The controversy surrounding the firing of Crystal Moore, 42, has
rallied the town of Latta and drawn the interest of national gay
rights groups who argue that her case highlights the need to outlaw
discrimination based on sexual orientation.
Moore, a 20-year veteran of the police force and chief for two
years, said her job record was clean until Mayor Earl Bullard issued
seven reprimands in one day and fired her on April 15.
The town council responded this week with a unanimous vote of
confidence in Moore and blocked the mayor from hiring a new chief
for 60 days. Residents rallied outside the town hall to show their
support and set up a "Stand With Chief Moore" fund.
Bullard, whose reprimands of the police chief included accusing her
of running background checks without proper authorization and
questioning the authority of a supervisor, said he could not discuss
why he let Moore go, but that it was not because she is a lesbian.
"Absolutely not... and if you do investigating, you will find that
that is not the case, I assure you," Bullard said in a phone
After Moore's firing, a recording surfaced in which the mayor talked
about "a questionable lifestyle."
"I'm not going to let two women stand up there and hold hands and
let my child be aware," Bullard said on the recording, which was
posted on the website of WBTW-TV, a local station. "I don't have to
look at it, and I don't want my child around it."
Bullard defended the remarks as a general statement of his belief
that marriage should be between a man and a woman, adding that "I
never said I had an objection to gay people."
Though the South lags the rest of the country in backing gay rights,
the reaction in Latta shows that such support extends beyond urban
and liberal areas, said Ryan Wilson, executive director of South
Carolina Equality, an advocacy group.
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"Here's an example of an entire town where people don't care about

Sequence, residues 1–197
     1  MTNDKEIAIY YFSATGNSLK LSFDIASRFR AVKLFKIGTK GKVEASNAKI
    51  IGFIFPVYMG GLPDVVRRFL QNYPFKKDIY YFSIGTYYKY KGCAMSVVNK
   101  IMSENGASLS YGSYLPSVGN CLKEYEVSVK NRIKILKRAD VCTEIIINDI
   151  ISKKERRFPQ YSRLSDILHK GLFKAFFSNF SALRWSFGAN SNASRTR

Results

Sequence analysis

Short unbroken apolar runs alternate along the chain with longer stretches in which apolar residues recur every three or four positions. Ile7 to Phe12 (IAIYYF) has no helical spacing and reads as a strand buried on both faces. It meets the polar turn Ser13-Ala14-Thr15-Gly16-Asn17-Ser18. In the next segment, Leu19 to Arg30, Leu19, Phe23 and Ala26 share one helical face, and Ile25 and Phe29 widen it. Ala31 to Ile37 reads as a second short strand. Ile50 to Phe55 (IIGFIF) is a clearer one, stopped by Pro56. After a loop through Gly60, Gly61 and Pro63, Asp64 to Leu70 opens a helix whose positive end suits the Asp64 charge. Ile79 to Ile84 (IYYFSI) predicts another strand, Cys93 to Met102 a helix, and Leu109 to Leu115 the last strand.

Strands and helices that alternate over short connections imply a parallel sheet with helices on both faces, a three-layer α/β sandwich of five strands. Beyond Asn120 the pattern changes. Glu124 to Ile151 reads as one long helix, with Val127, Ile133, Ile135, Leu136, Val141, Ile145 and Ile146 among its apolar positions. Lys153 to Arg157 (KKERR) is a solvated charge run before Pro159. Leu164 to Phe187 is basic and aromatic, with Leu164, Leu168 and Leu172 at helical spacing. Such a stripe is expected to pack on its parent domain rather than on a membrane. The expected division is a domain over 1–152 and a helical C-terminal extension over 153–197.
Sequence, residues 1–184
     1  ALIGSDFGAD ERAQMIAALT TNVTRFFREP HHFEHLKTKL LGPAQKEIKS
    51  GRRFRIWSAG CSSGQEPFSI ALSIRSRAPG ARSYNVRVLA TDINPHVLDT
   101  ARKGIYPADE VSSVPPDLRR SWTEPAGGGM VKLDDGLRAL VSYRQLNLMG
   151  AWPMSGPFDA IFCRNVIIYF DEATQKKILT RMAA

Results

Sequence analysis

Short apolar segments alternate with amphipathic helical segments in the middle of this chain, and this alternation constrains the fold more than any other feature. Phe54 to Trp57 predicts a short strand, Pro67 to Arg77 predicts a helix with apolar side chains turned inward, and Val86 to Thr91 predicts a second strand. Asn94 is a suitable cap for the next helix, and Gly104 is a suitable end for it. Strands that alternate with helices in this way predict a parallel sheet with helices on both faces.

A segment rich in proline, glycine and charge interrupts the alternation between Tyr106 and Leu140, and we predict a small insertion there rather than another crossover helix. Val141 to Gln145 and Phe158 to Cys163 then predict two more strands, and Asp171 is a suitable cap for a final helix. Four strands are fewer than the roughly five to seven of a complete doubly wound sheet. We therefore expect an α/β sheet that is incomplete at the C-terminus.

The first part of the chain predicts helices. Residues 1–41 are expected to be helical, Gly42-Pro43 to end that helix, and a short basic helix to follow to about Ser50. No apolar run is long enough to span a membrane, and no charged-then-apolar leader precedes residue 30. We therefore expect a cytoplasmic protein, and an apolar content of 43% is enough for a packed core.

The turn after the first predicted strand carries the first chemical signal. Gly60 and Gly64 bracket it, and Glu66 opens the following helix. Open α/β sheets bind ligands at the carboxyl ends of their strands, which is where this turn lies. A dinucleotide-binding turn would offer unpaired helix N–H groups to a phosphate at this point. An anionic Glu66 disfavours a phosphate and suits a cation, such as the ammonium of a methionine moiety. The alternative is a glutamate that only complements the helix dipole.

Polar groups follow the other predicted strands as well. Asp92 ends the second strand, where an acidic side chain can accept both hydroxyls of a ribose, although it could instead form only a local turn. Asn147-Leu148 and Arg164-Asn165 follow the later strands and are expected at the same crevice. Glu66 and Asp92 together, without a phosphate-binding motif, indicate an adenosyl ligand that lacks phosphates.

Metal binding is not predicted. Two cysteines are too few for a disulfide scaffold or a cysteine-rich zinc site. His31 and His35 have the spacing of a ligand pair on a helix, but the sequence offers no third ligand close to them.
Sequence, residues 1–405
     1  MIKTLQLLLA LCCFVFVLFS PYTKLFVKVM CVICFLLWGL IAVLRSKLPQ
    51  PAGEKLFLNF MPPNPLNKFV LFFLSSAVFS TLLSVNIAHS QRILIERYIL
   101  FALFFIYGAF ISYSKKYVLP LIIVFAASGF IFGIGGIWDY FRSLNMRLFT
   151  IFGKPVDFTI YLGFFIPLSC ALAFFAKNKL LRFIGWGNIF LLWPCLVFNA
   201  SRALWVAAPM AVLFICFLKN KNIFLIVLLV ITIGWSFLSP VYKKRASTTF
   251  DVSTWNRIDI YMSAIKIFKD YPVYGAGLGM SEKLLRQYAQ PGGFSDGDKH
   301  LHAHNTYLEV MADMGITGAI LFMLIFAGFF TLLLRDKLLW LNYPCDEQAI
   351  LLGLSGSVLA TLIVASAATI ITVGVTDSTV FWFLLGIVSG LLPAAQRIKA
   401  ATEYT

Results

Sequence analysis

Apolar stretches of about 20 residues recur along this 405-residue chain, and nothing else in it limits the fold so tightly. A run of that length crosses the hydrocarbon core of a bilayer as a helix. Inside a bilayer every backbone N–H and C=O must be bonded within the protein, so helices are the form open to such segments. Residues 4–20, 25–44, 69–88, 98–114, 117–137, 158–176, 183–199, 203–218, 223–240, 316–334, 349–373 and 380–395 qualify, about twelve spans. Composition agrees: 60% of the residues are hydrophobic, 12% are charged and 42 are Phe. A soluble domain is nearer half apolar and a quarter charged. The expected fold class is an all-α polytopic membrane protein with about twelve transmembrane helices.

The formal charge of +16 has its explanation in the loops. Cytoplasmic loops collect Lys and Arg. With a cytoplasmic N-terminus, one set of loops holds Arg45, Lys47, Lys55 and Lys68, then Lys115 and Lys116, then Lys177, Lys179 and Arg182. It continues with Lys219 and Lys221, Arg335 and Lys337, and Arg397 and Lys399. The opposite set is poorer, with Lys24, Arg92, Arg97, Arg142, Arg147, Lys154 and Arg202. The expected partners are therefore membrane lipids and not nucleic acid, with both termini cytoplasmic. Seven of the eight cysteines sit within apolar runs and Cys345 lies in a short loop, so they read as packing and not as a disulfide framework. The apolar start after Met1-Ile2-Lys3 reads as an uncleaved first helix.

who she is or who she loves, they care about how she does her job,"
The case in Latta, a town of 1,400 residents near the North Carolina
border, has also drawn the attention of groups pushing for federal
and state laws to prevent workplace discrimination against lesbian,
gay, bisexual and transgender people.
The federal Employment Non-Discrimination Act has been considered by
Congress for 20 years but never passed. South Carolina lawmakers
will not vote on a measure to prevent workplace discrimination on
the basis of sexual orientation and gender identity until next year
at the earliest.
Moore said she felt encouraged by support from residents and council
members. In 2011, the then-mayor attended her commitment ceremony
with her partner, Moore said.
She wants her job back, and the town council could vote to reinstate
her after they decide in June whether to switch from a strong-mayor
to a strong-council form of government.
"People are upset about this," said council member Brian Mason.
"After she was fired, people whose family members had been arrested
at some point came up and hugged her."
(Editing by Colleen Jenkins and Gunna Dickson)
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